Two years ago, Pope Francis called for a full accounting of how Theodore McCarrick was able to rise through church ranks, and he promised to make the report public. Some people disbelieved such a report would ever see the light of day. Others feared it would.
On Nov. 10, Pope Francis kept his word. The report is unprecedented, reading like no other Vatican document I can recall. It is not clothed in dense church-speak or vague references to misdeeds. It is at times graphic and always revealing. As a whole, it is a devastating portrait of personal deception and institutional blindness, of opportunities missed and faith shattered.
For those of us who have experience with Vatican documents and Vatican investigations, the report is amazing in its efforts to be transparent. At 449 pages, the report is exhaustive and at times exhausting. Not only were over 90 interviews conducted, but extensive quotations from relevant Vatican correspondence and documents reveal the internal back and forth between individuals and offices.
There are heroes to be found, even in the unsettling story of how McCarrick rose through the ranks despite persistent rumors that he was sharing his bed with seminarians and priests. Cardinal John J. O’Connor, for one. He not only raised his concerns, he did so in writing, trying to stop McCarrick’s ascendancy to the cardinalate see of New York.
More courageous still were the victim survivors who tried to speak up, the mother who sought to protect her children, the counselors who warned of the allegations they were hearing.
Unfortunately, the lasting impression is that those who wanted to raise concerns were not listened to, and rumors were dismissed rather than investigated thoroughly.
Like many large and not particularly efficient organizations, the church is a series of silos, inhibiting close communication and collaboration. Also like large organizations, it is inherently cautious and self-protective. Add to this the deference given to rank and hierarchy, and it is too easy to see how the default was to explain away, ignore or hide.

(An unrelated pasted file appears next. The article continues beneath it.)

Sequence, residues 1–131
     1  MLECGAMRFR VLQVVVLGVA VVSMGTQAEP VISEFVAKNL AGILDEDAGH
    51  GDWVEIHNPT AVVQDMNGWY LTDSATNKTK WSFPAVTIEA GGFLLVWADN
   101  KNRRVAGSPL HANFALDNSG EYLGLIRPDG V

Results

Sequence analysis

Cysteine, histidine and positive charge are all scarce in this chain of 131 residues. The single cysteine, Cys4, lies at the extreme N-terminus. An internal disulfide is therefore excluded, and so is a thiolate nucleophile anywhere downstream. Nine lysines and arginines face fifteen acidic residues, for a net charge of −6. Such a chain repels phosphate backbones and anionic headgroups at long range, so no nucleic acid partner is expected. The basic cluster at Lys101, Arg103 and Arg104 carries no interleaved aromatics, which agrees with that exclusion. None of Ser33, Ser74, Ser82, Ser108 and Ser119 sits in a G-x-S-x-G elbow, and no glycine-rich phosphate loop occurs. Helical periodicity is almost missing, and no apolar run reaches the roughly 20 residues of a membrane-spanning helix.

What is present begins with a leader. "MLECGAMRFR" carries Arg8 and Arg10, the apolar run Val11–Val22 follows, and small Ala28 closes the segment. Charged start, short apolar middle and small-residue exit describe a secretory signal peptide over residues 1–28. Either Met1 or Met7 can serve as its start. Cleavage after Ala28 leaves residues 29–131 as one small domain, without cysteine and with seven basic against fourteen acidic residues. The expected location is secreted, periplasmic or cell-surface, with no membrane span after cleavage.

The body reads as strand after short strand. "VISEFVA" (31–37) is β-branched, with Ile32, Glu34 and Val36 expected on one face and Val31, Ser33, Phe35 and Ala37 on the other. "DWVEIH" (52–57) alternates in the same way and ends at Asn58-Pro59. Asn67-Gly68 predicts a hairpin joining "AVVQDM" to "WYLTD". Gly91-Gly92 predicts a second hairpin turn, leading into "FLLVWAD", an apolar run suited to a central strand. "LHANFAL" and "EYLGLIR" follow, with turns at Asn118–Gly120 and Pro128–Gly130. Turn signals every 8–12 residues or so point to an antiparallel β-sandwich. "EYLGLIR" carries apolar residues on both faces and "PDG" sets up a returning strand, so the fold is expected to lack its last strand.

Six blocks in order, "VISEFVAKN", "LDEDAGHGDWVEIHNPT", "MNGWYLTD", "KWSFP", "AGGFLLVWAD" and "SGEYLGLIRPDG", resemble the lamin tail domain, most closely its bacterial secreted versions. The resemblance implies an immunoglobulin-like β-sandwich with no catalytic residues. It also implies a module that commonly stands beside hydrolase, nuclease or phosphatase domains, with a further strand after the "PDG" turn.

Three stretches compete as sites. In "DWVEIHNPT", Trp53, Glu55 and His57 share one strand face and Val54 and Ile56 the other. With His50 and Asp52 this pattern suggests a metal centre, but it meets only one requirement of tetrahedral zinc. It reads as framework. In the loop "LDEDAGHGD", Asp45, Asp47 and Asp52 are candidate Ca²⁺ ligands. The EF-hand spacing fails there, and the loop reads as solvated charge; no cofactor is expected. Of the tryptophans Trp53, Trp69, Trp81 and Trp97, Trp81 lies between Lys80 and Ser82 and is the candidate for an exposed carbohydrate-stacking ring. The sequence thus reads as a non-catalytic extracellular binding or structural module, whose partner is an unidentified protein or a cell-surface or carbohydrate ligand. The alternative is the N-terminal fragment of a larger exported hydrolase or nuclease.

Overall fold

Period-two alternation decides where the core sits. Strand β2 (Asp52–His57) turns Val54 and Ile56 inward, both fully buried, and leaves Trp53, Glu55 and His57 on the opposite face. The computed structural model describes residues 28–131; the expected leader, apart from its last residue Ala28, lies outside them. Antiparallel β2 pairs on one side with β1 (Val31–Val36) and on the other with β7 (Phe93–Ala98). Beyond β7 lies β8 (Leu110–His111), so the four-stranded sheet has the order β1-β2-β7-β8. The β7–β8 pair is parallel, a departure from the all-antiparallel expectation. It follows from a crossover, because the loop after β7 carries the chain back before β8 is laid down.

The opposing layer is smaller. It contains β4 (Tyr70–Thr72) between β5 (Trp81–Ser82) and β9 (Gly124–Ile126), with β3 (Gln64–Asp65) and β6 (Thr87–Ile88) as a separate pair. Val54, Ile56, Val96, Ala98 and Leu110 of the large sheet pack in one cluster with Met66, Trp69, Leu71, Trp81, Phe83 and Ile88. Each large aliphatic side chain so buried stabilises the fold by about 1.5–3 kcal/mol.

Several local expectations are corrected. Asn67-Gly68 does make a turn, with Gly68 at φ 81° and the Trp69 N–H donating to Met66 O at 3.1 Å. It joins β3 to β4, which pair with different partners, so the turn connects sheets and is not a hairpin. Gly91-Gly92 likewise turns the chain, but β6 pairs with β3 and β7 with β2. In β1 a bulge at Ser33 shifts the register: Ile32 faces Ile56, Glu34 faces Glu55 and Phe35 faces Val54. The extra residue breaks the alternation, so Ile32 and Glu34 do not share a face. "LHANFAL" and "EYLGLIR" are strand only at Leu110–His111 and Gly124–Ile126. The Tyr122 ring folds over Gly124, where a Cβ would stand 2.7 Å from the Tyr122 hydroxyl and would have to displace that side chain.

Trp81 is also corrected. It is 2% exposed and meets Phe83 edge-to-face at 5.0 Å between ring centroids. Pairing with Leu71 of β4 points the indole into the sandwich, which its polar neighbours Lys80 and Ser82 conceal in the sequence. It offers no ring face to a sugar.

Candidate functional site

There are still elements that I wish had been explored further. One is the money trail. While the report says McCarrick did not buy his appointment to Washington, it makes clear that he was a prolific fundraiser and valued as such. He spread his largesse around in the form of gifts to many church officials that in retrospect raise ethical concerns. An audit of the money trail seems in order.
Also disturbing is that there were many seminarians and priests in the dioceses where McCarrick served who had firsthand knowledge of what happened at his beach house because they were there too. What has happened to those men? Have they continued to remain silent? If so, what does this tell us about the culture that may still remain?
The most important lesson may be simply this: If you see something, say something. Fear of retaliation, fear of being ignored, fear of authority can no longer govern laity or clergy. Even anonymous allegations must be paid attention to.
At the same time, an allegation is not a conviction. A man’s vocation cannot be ruined because of a rumor. Justice demands we do not simply convict by allegation, but it also demands that allegations not be ignored.
The sin of abuse, the sin of covering up or ignoring the abuse will not disappear with this report. Pope Francis, who himself failed to meet his own standards in places like Chile, knows the challenge. He must continue to press for accountability and transparency without fear or favor, and both laity and clergy must continue to press for reform and renewal.